2018-19 AUDIT

NHIF is broke, may not meet obligations — auditor general

National Health Insurance Fund reported a deficit of Sh3.6 billion during the year under review

In Summary

•Insurers' performance has since dropped compared with the year ending June 2018 when it made Sh295 million profits.

•Fund’s retained earnings were reduced from Sh23 billion it posted in the year to June 2018 to Sh19 billion in year to June 2019.

NHIF biometric registration exercise at the Nambale Subcounty Hospital in Busia county on September 7, 2021.
NHIF biometric registration exercise at the Nambale Subcounty Hospital in Busia county on September 7, 2021.

The National Health Insurance Fund is broke and may not meet its obligations if the negative financial performance is not dealt with.

A new report by Auditor General Nancy Gathungu shows the national health insurer has a funding gap of over Sh3.6 billion.

The fund’s performance has dropped compared with the financial year 2017-18 when it earned an extra Sh295 million.

“The fund’s performance is on a downward trend and if strategies are not in place to reverse the trend, the fund is likely to experience financial difficulties in future,” Gathungu warned.

The deficit resulted in a reduction of the fund’s earnings from Sh23 billion it posted in the year ending June 2018 to Sh19 billion in the year ending June 30, 2019.

NHIF’s performance has been a cause of concern for many leaders, with calls to the government and the fund management to get a lasting solution.

During the NHIF membership registration drive in Mombasa in July, ODM leader Raila Odinga decried the situation of the fund failing to meet the hospitalisation needs of Kenyans.

The former Prime Minister lamented that a number of Kenyans were avoiding going to hospitals because they fear the costs associated with the services.

“With the current pandemic, hundreds of Kenyans have died simply because they could not afford hospital fees. The chance of a greater segment of our population dropping dead from illness is one infection away,” Raila said.

“This burden needs to be taken away from the necks of our people. Kenyans are crying for and deserve insurance subsidies that come with both in-patient and outpatient needs in hospitals,” he said.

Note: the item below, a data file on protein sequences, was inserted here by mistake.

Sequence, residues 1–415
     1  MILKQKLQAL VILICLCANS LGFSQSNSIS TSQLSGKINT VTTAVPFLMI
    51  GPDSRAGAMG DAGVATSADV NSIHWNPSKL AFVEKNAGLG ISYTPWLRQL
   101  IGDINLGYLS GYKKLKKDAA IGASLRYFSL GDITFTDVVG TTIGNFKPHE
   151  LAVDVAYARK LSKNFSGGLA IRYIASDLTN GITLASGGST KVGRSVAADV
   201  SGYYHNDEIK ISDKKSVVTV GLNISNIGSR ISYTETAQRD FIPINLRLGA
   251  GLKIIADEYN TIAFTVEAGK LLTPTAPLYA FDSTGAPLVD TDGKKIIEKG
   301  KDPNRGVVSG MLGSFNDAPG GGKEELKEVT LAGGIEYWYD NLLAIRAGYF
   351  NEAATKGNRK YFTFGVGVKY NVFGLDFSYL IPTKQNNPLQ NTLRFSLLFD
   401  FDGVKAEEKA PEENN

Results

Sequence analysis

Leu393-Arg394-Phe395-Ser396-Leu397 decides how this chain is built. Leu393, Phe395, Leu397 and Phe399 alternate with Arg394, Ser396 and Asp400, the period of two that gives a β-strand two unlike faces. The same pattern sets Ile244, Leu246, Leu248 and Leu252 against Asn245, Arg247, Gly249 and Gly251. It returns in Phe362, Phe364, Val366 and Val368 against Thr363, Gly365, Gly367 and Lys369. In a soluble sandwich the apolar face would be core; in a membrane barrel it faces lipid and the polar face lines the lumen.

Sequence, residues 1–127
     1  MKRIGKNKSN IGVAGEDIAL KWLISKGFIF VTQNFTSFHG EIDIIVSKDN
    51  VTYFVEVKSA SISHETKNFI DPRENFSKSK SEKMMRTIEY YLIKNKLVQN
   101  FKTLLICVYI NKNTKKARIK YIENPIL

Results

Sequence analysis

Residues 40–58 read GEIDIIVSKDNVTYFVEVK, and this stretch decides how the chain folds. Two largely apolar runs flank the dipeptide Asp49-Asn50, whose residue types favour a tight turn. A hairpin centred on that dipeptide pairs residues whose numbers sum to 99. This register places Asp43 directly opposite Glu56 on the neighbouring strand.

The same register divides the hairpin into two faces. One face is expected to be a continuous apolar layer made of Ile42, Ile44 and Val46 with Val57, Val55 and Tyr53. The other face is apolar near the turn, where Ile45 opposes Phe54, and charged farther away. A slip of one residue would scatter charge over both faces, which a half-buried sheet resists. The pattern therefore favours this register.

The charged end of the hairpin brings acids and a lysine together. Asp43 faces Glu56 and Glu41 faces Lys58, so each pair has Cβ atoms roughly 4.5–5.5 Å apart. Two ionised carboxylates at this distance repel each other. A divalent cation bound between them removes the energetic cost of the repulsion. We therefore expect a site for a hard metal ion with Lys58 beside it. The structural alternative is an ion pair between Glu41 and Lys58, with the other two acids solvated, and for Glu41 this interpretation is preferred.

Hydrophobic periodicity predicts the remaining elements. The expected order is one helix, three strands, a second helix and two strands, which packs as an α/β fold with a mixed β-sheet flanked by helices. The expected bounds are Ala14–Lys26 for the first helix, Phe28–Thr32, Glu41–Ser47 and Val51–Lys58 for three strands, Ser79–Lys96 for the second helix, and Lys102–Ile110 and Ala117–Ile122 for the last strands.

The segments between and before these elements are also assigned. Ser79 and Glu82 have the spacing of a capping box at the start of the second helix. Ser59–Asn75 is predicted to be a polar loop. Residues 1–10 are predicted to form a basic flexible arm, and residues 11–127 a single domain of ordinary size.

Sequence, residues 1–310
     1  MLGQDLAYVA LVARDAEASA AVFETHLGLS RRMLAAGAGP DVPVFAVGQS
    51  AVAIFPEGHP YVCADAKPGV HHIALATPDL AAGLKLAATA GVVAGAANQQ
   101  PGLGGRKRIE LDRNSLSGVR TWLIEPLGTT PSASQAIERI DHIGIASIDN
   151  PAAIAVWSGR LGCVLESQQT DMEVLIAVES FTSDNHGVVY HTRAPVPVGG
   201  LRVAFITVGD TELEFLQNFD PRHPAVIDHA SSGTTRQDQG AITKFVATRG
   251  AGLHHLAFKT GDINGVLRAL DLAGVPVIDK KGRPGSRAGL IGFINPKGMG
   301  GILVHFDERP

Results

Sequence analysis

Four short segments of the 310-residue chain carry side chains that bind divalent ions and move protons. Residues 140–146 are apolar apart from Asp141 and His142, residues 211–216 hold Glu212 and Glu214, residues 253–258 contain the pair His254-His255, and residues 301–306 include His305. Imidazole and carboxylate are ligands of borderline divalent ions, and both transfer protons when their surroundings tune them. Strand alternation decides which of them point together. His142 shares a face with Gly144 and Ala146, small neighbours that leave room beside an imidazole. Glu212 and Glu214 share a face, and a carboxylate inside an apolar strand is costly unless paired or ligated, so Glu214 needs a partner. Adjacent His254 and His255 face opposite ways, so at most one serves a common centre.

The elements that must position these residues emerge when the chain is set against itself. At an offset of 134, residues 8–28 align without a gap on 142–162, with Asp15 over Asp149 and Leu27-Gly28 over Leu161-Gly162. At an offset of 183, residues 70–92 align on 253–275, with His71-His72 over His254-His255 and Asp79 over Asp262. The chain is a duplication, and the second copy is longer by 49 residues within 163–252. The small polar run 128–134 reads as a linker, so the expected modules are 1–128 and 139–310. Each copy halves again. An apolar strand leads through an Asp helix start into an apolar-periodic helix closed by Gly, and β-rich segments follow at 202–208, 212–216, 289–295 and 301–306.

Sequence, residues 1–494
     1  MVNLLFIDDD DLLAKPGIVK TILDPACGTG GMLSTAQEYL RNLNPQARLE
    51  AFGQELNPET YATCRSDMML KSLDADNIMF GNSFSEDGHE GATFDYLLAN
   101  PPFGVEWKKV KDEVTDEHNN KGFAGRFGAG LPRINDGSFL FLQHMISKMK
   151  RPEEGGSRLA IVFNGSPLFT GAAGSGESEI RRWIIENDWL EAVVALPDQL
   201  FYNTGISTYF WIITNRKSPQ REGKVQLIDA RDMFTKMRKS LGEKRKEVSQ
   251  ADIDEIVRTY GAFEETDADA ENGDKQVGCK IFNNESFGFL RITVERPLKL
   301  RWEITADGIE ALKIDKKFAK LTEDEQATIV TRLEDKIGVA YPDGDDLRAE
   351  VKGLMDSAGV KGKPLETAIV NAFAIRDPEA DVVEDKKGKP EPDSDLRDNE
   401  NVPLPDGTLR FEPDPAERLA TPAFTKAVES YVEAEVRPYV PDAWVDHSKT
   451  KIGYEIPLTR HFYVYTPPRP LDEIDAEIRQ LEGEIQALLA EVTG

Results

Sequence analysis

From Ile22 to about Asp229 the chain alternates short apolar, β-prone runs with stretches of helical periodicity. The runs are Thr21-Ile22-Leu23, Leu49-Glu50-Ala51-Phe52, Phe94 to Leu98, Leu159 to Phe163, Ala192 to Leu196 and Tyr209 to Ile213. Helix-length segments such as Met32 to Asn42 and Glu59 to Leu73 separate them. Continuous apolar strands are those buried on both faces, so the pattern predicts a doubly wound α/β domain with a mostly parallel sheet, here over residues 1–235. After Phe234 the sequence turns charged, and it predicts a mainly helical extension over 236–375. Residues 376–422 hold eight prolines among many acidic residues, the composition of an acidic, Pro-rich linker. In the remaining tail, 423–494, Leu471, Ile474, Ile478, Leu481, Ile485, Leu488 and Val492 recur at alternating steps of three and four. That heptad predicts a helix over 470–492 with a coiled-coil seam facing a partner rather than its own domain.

The challenges with NHIF have been cited to slow down President Kenyatta’s Universal Health Coverage plan, which is among the pillars of his Big Four agenda.

The UHC dream has yet to succeed despite its roots being traced to the Narc government in the botched amendments to the NHIF Act by then Health Minister Charity Ngilu.

The NHIF management has attributed the fund’s loss-making woes to the fact that millions of Kenyans have left their accounts dormant as only 5.1 million accounts are active out of the registered 10.4 million.

Chairman Lewis Nguyai, in pushing for individuals to activate their accounts, once told a meeting in Nairobi that NHIF pays Sh2 for every shilling received by a member.

MPs are currently processing a bill that is hoped would remedy some of the stumbling blocks to the UHC agenda.

The NHIF Bill, 2021, seeks to provide that the national and county governments be liable contributors for all public and state officers under a National Health Scheme.

Private employers would also be required to top up their worker’s contributions to ensure the total amount is not less than Sh500 in efforts to raise more cash.

The proposed law currently before the Senate also sought to stage mandatory registration for persons who have attained 18 years.

Away from the concerns that the insurer is cash-strapped, the auditor has flagged some transactions pointing to possible loss of cash.

Among those flagged is Sh1.4 billion that was paid for the drawings and design of a proposed resource centre which was to be built in Karen.

The project is yet to start 15 years later following a land row, whose resolution remains uncertain because of a court case.

Gathungu said taxpayers forked an extra Sh3 billion in the construction of a multi-storey car park operated by the fund.

The project commenced in 2003 at Sh909 million but was completed in June 2011 when the total expenditure was Sh3.9 billion – being 337 per cent more than the original contract sum.

“The costs escalation was not justified. Although the issue has been discussed by the Public Investment Committee, no action has been taken on the committee recommendations,” Gathungu said.

PIC had recommended that the director of Ethics and Anti-Corruption Commission investigate the project with a view to preferring charges against those found culpable of any infractions.

NHIF has also been put on spot over a Sh340 million loan it advanced to the Moi Teaching and Referral Hospital at an interest rate of three per cent.

“However, the loan was not supported with a signed loan agreement between the fund and MTRH,” the auditor said.

Also of concern is Sh54 million in Consolidated Bank for which no dividend has been paid, with the auditor saying the investments in the bank’s shares are impaired.


Edited by P.O

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